Wednesday, October 6, 2021




“Book Proposals That $ell” by Terry Whalin is a practical guide and handbook for authors who plan on writing a book or already hold a manuscript of their book and want to get published by a large publishing house.  If you’re writing your first book, but don't know where to start, “Book Proposals That $ell,” is for you. With step-by-step instructions, this guide will teach you how to write a winning book proposal--and get your book published.
Terry Whalin, an author and book editor, released a new revised edition of his “Book Proposals That $ell”.  He guides aspiring authors through the maze of national Publishing Houses.  Successful selling of a well drafted manuscript ensures the author future royalties and a well-crafted product to be proud of.  

What will the author get from the book publishing industry?
(1) Sales and royalty of the book.  (2) An official document called an ISBN number which is a number that unifies the production of a book and its legitimacy.  (3) Portability of the ISBN number to other publishers for an easy publishing and printing.  (4) A book produced and printed in a high class format since it is done through professional book layout and design procedure.  (5) The books is stored in the Library of Congress using the ISBN number.  (6) Have the book released and sold in major book stores.

In the Age of Amazon anyone can self-publish a book. But a self-published book mostly languishes in obscurity.

Whalin takes the reader of this guide book through the concept that a published book is a profitable business venture for the Publishing House. 

A proposed or written manuscript has to be pitched to, and evaluated by, a professional literary agent or an acquisition book editor with a track record in the publishing business.  Next, an acquisition editor needs to be sold upon, to advocate the manuscript before the Business Board of the reputable Publishing House.  The Business Board consists of publishing executives, senior editors who are known for their exceptional expertise in the publishing field, (who may be editors of prestigious magazines or editors of different books); book marketing and book-selling experts.

In order to convince the board of the publishing house to offer a contract, the author must demonstrate understanding and willingness to be a partner in marketing and show a potential of  a wide public readership audience who will buy the book.

Whalin’s guide book for successful book proposals includes every detail - all information on how to find a literary agent, or where to meet and how to pitch to a publisher’s acquisition editor.  It includes his 21 secrets for successful book proposal based on his own many years of experience as an author and book acquisition editor.

Whalin’s book is a how-to guide that shows you what to do and explains why you should do it. It’s your personal roadmap to getting published by a large publishing house like Penguin, HarperCollins, Simon & Schuster, Morgan James, etc.

This guide includes an actual sample of a winning book proposal contributed by Michael Hyatt, the former CEO of Thomas Nelson Publishers.  Just studying the  instructions chapter by Mr. Hyatt is well worth studying Whalin’s present 2021 complete revised hand book.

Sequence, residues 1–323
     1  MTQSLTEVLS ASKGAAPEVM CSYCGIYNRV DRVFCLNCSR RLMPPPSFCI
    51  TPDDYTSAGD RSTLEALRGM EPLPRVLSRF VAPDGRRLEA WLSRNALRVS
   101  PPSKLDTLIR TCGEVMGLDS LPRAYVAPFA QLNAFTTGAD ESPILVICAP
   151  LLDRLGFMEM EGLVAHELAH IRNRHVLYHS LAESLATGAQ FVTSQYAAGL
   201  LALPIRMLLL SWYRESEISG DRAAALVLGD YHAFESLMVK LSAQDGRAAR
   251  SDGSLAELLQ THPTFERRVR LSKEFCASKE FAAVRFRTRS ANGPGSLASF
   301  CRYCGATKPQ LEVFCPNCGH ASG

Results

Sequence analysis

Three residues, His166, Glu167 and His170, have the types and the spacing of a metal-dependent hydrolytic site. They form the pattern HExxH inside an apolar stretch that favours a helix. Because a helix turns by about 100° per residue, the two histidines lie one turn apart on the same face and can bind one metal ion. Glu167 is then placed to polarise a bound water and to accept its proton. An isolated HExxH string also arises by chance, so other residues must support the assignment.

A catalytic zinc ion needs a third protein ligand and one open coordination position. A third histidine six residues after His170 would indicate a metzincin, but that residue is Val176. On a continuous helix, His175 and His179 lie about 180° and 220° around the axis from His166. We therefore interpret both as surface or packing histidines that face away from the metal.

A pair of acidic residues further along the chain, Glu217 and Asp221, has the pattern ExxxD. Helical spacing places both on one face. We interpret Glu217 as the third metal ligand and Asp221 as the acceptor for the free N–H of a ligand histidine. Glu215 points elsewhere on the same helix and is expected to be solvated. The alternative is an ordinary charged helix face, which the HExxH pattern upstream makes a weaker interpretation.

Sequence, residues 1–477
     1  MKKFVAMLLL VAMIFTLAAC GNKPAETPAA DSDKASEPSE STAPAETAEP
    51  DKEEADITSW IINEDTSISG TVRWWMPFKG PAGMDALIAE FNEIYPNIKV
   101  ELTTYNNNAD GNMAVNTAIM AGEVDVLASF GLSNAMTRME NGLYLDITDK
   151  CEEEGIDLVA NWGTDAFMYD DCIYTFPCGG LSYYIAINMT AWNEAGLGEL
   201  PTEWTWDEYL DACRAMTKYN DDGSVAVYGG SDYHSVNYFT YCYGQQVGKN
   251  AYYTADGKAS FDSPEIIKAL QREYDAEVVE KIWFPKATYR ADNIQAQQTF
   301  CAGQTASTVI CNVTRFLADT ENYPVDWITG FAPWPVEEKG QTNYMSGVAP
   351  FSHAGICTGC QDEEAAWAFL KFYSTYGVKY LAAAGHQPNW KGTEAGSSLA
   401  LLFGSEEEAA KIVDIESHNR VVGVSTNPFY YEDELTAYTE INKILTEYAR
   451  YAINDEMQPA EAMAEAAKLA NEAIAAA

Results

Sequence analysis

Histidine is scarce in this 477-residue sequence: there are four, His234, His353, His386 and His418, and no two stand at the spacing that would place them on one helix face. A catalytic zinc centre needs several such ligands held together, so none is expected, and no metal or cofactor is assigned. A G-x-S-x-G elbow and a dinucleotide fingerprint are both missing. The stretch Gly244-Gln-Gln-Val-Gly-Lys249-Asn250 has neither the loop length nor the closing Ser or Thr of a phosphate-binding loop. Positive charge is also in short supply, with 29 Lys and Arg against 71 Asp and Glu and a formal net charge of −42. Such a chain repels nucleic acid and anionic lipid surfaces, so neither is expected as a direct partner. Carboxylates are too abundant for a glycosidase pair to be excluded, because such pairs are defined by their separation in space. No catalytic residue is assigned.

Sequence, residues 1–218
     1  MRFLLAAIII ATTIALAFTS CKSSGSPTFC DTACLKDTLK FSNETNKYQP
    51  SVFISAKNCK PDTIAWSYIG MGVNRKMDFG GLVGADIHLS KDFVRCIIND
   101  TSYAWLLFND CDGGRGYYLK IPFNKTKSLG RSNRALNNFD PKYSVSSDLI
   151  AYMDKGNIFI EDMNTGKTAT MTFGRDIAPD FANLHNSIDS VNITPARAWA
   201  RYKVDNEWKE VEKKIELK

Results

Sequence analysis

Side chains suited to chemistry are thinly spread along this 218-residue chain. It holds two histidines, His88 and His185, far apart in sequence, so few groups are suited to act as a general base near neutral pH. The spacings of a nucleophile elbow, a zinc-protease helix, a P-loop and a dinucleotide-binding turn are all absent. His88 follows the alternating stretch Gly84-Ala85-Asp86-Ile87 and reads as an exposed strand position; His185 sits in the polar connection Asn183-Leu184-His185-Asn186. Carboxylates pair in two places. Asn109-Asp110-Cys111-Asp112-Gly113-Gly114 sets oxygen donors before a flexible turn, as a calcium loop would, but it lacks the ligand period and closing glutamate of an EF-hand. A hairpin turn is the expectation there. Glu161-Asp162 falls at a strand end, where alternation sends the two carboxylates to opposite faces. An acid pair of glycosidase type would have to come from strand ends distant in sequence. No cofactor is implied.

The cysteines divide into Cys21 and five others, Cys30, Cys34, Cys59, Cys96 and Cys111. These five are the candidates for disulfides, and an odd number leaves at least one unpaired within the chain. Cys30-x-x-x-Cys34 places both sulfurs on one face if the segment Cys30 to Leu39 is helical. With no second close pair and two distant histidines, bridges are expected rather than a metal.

I studied Whalin’s new book and expanded my writing and publishing world understanding. 
If you want to get your book published by a large publishing house, this is the guide for you!

Saturday, September 25, 2021




You’re a talented writer.
You are the author of the promising great American novel.  Or you have a best-selling book manuscript as a show and tell non-fiction lessons learned from your previous company. Or the U.S Congress.

You need now two things in order to break out on the literary stage.

First you want your novel or non-fiction to be counted.  Yes you want your brain child to be indexed by the U.S. Library of Congress. Said otherwise your book needs an ISBN number.

Second you want your future best-selling book, on the display shelves of every bookstore in the America.

Where do you go?
You go to a well-established well known book publishing house that has the  production tools, business relations with printers, wholesale nation-wide books distributors, and experienced networks of book marketing, and book selling working relationships.

The first thing – to be counted – you can do yourself.  But It’s costly in time and money.  The second thing you must get a publishing house accept your opus.  Or else, privately published book copies will stack up in your garage.

It happened to me.

You need a publishing house to accept your manuscript under contract and take care of myriad expensive details that involve book production, marketing, and sales  You can’t go it alone if you aspire to sell your book in private bookstores or national chain bookstores.  You want your book sold on the Barnes & Noble shelves and on Costco, Sam’s Club and Walmart.  Proudly.

The preliminary step is to connect with a literary agent or a book-acquisition editor who will pay attention to your manuscript.
You need to have a “
Book Proposal”.  You need to sell your book proposal onto one of those professionals.  They are part of the publishing industry.

Fortunately a new guide book is now released to guide you through this maze.

Terry Whalin, an experienced acquisition editor in established publishing houses has an updated guide-book that leads you through the business labyrinth of publishing houses.

Read and study this guide book.  It will save you aggravation in cost and time.  You can find it on Amazon and Barnes & Noble.
Here is what to look for.

I wish I read and studied this book before I went to publish my first book.

Ask me any question.